Reform of the French group actions legal regime

by | 8 Feb 2024

On 24th January 2024, the French Senate’s Law Commission submitted a report on the reform of the French group actions legal framework.

Introduced into French law by Law no. 2014-344 (also known as the ‘Hamon Law’), group actions have, to date, met moderate success in France. Only 35 actions have been initiated within almost ten years.

The most emblematic group action is certainly that of Depakine, initiated by APESAC (a French association representing victims of sodium valproate) against the laboratory SANOFI.

The lack of attractiveness of French group actions can explained by the fact that :

  • They are limited to a number of areas: consumer affairs and anti-competitive practices, health, environment, personal data protection, discrimination at work and property rental.
  • Claims may only be initiated by approved associations.
  • The opt-in mechanism, which requires victims to take steps to obtain compensation.

I. Proposal of reform of 15th December 2022

On 15th December 2022, the French National Assembly registered draft law no. 659 on the legal regime for group actions.

The aim of this proposal was to encourage the use of group actions in France through :

  • A broader scope of the group action so that it can be applied to all legal fields ;
  • A broader scope of compensable injuries, allowing, for example, compensation for injuries other than bodily injury in the field of health law ;
  • A broader notion of standing: the aim was no longer to restrict standing to approved associations alone, but to include all associations that had been duly registered for two years, representing at least 50 natural persons or 5 legal or 5 local authorities or their groupings ;
  • A common procedural framework for group actions, whatever the subject matter ;
  • The incorporation of the European directive on representative actions, which provides in particular for the possibility of initiating trans-European group actions ;
  • The setting up of a national register of group actions.

II. Opinion of the French Senate Law Commission

The French Senate Law Commission modified the proposal as follows :

  • It considers that the broadening of the material scope of group action would entail risk of ‘abuses’ in the areas of employment law and health. According to the rapporteur, an excessive openness in these areas of law could be detrimental to ‘practitioners and professionals who are unable to defend themselves adequately against the reputational risk of such actions’ against them;
  • It has limited the criteria that must be met by associations to raise a group claim. The goal is to prevent a number of associations, described as ‘malicious’, from making use of these procedures: the associations will have to be approved by an administrative authority and present guarantees of seriousness and transparency, concepts that are very little explained in the French Senate Law Commission’s report ;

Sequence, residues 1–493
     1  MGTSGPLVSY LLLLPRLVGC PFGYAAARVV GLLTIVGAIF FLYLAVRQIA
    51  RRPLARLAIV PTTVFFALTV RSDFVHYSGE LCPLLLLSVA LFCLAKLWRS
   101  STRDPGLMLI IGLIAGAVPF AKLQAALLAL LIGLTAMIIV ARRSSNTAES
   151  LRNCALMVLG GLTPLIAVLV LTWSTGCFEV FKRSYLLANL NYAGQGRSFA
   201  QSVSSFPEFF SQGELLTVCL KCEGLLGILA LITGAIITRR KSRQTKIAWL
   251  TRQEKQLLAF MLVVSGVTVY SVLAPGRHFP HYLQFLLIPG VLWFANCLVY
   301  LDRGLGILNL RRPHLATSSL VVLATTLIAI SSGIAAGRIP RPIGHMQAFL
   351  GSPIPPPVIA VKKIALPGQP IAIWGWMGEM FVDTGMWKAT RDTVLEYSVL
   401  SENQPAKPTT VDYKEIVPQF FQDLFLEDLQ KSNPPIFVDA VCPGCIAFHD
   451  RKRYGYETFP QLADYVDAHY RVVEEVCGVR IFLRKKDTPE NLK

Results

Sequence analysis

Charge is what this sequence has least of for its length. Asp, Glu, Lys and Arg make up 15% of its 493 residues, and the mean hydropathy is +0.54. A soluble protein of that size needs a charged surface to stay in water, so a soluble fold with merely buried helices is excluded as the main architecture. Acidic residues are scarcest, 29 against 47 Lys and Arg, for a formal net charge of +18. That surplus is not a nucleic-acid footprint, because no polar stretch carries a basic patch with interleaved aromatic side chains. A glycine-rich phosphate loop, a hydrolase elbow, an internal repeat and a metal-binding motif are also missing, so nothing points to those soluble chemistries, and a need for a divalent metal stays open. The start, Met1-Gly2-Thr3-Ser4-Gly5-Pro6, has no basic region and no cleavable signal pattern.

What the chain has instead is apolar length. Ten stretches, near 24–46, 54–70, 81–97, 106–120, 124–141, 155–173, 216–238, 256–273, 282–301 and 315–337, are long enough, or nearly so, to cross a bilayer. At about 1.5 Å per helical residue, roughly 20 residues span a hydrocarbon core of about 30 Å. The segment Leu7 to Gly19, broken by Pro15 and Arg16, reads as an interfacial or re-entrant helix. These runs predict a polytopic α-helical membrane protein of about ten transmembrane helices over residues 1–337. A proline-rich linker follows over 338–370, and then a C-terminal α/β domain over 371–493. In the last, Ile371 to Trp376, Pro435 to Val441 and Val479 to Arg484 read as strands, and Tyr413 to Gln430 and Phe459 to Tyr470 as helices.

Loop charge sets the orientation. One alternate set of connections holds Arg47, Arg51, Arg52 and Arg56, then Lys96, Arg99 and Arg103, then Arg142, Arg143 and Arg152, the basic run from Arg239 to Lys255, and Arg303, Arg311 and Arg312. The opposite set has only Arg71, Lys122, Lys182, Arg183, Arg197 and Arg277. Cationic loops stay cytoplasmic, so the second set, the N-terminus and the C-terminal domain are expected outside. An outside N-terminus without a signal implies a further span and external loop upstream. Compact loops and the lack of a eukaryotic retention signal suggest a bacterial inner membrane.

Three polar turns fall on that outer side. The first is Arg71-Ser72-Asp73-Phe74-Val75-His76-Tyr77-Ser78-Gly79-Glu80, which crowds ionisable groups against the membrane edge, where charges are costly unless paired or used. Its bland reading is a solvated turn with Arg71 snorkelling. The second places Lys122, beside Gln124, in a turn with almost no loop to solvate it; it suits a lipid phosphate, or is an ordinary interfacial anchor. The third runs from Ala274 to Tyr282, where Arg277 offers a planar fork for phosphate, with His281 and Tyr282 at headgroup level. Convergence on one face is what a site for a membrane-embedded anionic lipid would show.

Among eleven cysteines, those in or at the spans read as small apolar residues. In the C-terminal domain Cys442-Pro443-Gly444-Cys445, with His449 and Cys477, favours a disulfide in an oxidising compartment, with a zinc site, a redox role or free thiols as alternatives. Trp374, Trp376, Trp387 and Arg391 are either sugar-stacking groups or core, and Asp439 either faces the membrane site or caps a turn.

• It abolished the civil fine mechanism provided for in the proposal: the French National Assembly had proposed to introduce a civil penalty in the event of intentional misconduct, with a view to obtaining an undue gain or saving. The fine would have been paid to the State Treasury. The amount of the fine would not have exceeded twice the profit made for natural person, and 3% of average annual turnover for companies ;
  • It has extended the content of the national register of group actions to all group actions, collective actions and actions for recognition of rights, whether they are ongoing or closed or have been withdrawn. The proposal limited the register to pending actions only ;
  • Finally, the French Senate Law Commission has chosen to abolish provisional enforcement of the judgment on liability.

The amended text will be publicly examined by the Senate from 6th February 2024 on.

Comments by Solenn Le Tutour

At a time where courts are being called upon more and more by class actions, which are time-consuming and complex to manage, it seems inaudible and anachronistic, to say the least, that the French legislator intends to further limit the use of group actions, which exist in any case in the form of joint class actions and which, in their current form, exhaust the court registries, magistrates and lawyers, not to mention the claimants.

These actions, which aim to bring together a number of claimants in a similar situation against one or more defendants, are likely to develop significantly and continuously over the next few years.

The group action is also intended to facilitate the work of legal professionals, who are overlooked in these discussions, which appear to be disconnected from the practical issues raised by mass collective actions outside the group action framework.

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LE TUTOUR represents French and foreign victims in mass litigation in France, particularly in relation to defective medical devices, and in particular the PIP breast implant litigation. The firm therefore closely monitors developments of the French group actions legal regime.